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Romney Plan Would Lift Purchase Production

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Mortgage Daily

                                                 January 24, 2012

The Dodd-Frank Wall Street Reform and Consumer Protection Act would be thrown out the window under a president Mitt Romney. The Republican nominee is no fan of the expanded Home Affordable Refinance Program or the Home Affordable Modification Program which he says are confusing and poorly administered. Loan originators, meanwhile, could expect to increase purchase production by more than $100 billion in 2013 if the Republican takes up residence in the White House.

Romney said that alternatives to foreclosure will be easier for borrowers if he is elected president. Among the alternatives a Romney administration would simplify are short sales, deeds-in-lieu-of-foreclosure and shared appreciation.

Loan modifications, however, weren’t listed among the foreclosure alternatives.

The housing plan was outlined in the white paper Securing The American Dream And The Future Of Housing Policy from the Romney-Ryan campaign.

The Dodd-Frank act would be replaced with “sensible regulation” that is not overly complex and gets credit flowing again. Romney’s regulations would ensure responsible lending while enabling banks to reject fewer mortgage applications.

Romney noted that the 2,319-page law has already produced more than 9,000 pages of new regulations, and financial regulators have only made it through a third of the regulations so far.

The paper said that smaller banks that lack the resources of their large brethren are being disproportionately impacted from the law. Smaller financial institutions are forced to hire more lawyers at the expense of loan originations.

Romney highlighted how the new mortgage rule to implement a simplified three-page disclosure had 1,100 pages of guidelines.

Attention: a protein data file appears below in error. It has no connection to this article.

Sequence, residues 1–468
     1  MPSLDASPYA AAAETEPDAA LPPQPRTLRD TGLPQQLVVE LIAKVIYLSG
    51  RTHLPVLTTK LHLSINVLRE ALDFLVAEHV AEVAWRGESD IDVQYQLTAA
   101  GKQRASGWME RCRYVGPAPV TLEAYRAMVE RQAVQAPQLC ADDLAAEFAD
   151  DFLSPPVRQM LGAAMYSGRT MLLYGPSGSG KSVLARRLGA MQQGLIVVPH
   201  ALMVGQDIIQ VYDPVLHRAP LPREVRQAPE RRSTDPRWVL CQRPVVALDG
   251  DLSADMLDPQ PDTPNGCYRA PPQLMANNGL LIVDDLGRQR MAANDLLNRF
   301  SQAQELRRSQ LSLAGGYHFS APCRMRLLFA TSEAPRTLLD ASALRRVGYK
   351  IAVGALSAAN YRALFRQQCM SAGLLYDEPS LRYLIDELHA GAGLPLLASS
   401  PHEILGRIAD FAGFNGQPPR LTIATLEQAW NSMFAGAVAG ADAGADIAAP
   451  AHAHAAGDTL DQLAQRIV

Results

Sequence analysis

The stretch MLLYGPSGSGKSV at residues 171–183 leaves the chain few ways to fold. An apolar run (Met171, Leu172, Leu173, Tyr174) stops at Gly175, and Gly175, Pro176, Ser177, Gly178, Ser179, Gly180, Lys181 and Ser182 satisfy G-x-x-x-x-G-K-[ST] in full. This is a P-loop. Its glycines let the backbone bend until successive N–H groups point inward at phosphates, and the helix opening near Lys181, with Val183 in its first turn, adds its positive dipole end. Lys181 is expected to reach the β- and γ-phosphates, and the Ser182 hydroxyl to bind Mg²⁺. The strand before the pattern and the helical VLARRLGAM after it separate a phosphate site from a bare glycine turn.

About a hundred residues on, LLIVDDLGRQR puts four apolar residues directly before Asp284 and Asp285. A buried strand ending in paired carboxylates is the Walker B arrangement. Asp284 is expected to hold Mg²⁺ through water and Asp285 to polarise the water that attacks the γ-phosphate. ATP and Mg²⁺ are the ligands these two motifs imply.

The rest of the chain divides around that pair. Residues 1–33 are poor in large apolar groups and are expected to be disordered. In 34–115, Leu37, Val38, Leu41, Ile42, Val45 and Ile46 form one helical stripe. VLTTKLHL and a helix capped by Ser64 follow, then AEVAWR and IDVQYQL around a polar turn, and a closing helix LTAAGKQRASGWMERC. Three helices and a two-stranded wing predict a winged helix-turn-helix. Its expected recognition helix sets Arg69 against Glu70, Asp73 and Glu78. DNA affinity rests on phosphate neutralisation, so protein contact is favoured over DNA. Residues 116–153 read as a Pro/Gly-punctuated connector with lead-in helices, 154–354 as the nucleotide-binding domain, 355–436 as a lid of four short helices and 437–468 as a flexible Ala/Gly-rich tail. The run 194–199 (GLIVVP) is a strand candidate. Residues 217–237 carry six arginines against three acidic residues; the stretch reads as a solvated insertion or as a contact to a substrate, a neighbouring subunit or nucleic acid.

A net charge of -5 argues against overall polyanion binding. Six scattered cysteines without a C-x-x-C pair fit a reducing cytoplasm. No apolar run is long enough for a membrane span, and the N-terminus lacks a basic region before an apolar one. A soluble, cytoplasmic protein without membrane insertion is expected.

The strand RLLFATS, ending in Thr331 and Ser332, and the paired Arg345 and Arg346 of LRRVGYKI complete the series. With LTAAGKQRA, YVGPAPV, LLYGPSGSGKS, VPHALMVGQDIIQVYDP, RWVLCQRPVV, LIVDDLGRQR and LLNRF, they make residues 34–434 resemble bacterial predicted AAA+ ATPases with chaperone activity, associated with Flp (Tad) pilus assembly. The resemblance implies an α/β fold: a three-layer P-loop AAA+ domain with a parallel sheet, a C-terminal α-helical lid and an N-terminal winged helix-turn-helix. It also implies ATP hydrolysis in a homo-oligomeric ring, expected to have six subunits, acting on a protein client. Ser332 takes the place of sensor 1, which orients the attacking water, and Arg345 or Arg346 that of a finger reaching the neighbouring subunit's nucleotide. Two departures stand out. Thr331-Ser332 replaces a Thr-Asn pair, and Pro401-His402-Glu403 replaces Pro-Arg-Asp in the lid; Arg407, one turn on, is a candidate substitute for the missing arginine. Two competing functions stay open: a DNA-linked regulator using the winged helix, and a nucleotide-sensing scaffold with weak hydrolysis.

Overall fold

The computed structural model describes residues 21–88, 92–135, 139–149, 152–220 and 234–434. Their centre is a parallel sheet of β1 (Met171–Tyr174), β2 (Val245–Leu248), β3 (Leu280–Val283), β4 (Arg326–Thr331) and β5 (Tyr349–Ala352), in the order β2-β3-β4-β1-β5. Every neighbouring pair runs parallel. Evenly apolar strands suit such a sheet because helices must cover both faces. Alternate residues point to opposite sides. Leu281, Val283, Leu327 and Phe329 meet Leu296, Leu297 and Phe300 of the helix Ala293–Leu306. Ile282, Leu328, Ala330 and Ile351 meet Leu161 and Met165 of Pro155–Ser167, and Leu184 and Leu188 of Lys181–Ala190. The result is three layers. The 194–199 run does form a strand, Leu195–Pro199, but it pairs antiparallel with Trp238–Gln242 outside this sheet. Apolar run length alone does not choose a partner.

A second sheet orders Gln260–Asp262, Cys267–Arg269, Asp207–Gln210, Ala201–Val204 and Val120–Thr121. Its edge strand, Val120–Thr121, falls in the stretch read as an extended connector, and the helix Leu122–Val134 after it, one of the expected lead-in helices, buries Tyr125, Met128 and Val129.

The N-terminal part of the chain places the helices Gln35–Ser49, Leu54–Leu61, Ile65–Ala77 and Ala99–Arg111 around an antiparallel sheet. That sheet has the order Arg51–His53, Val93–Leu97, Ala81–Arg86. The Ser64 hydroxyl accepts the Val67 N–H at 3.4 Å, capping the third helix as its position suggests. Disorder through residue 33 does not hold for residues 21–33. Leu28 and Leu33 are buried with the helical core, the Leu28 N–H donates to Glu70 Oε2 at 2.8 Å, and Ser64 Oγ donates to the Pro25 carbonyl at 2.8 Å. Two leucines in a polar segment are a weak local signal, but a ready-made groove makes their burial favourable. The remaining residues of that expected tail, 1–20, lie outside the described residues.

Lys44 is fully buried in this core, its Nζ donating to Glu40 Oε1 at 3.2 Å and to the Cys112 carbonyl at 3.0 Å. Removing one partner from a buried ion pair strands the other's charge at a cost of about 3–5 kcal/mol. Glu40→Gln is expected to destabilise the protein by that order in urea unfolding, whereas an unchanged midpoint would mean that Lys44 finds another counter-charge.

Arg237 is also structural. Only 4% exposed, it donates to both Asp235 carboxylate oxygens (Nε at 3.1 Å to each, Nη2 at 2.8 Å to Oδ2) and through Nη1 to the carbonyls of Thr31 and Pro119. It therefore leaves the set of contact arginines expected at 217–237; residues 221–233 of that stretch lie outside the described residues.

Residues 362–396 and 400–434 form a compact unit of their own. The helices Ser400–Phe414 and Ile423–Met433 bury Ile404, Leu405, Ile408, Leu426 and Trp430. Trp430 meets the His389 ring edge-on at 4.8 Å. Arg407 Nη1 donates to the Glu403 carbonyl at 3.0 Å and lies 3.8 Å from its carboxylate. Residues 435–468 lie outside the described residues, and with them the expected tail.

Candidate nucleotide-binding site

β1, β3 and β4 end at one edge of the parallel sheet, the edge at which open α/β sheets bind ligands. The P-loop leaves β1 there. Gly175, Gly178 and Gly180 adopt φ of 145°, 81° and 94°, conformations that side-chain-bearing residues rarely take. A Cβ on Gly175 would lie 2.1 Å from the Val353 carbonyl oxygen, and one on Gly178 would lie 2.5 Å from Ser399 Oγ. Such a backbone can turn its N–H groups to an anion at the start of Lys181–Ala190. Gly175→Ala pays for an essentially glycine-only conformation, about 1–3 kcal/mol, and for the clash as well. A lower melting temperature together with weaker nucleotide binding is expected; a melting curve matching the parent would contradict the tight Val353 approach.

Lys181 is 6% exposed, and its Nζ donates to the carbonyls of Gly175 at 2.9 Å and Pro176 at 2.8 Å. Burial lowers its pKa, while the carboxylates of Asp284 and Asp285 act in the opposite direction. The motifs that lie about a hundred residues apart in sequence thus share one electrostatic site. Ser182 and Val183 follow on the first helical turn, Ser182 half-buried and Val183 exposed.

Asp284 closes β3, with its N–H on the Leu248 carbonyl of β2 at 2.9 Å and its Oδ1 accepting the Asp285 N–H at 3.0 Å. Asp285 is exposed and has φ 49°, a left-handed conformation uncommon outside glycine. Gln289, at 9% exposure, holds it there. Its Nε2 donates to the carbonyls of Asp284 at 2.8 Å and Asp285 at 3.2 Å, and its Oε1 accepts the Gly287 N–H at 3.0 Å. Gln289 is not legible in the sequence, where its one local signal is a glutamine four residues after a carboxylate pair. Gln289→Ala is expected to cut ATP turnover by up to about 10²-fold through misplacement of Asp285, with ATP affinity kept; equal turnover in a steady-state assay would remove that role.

The paper criticized the Obama administration for failing to define the characteristics of “qualified mortgages” more than two years after Dodd-Frank passed. As a result, lenders have been paralyzed from the lack of certainty, and credit-worthy borrowers are being rejected for mortgages.

“This regulatory burden is significant enough that there are even some cases where small banks have more compliance officers than loan officers,” the paper said.

The campaign claims that a return to more normal lending standards would increase home sales next year by 600,000. Using an average loan amount of $200,000, that works out to around $120 billion in residential originations.

Fannie Mae and Freddie Mac would be reformed in manner that ends the “too-big-to-fail” policy and provides long-term, sustainable solution housing finance reform.

While Obama reportedly boasted that Dodd-Frank ended “too-big-to-fail,” the Romney campaign says that the president has done nothing to reform the government-sponsored enterprises even as their collective costs to U.S. taxpayers have exceeded $140 billion.

“The politicians should have realized that when you interfere with the market — as they did with Fannie Mae, Freddie Mac, and with their homeownership initiatives — bad things can happen,” the paper quoted Romney as saying.

Romney says that 200,000 vacant real-estate-owned assets — more than half of all foreclosed homes — owned by the government would be “responsibly” sold, with the REO sales conducted in a manner that the campaign says will enhance communities.

He pointed to a Government Accountability Office report that stated vacant REOs reduce the prices of nearby homes by between $8,600 and $17,000. In addition, vacant homes often attract vagrants and criminal activity. Moving the homes out of government hands will help nearby home values and cut down on police costs.

“The Romney-Ryan plan will reduce the outsized role of the government and revitalize the private sector’s role in the housing market to end the housing crisis and preserve the American Dream of homeownership,” the paper stated.

Instead of offering a clear vision of housing finance policy, Romney claims that the Obama administration has responded to the housing crisis in a manner that is confused and reactive. He says poorly administered programs with names like HAMP and HARP had overstated goals that were never met.

“In the case of one program, when the goals were not being met the administration’s solution was to expand it, creating ‘HARP 2.0,'” the campaign said. “In his state of the union address this year — nearly three years after the program was first launched — the president proposed expanding the program further.”

Romney claims that the failure of the Obama administration to implement an effective policy has the government guaranteeing 90 percent of all new home loans and forced the Federal Reserve to announce a new program to purchase more than half of all GSE mortgage-backed securities issued each month.

“The end result of the last four years is that the federal government now has a dominant role in our nation’s $16 trillion housing market, the private sector has been forced to the sidelines, taxpayers are on the hook for even more than when the financial crisis ended, and there is no clear plan for the future of housing finance,” the paper stated.

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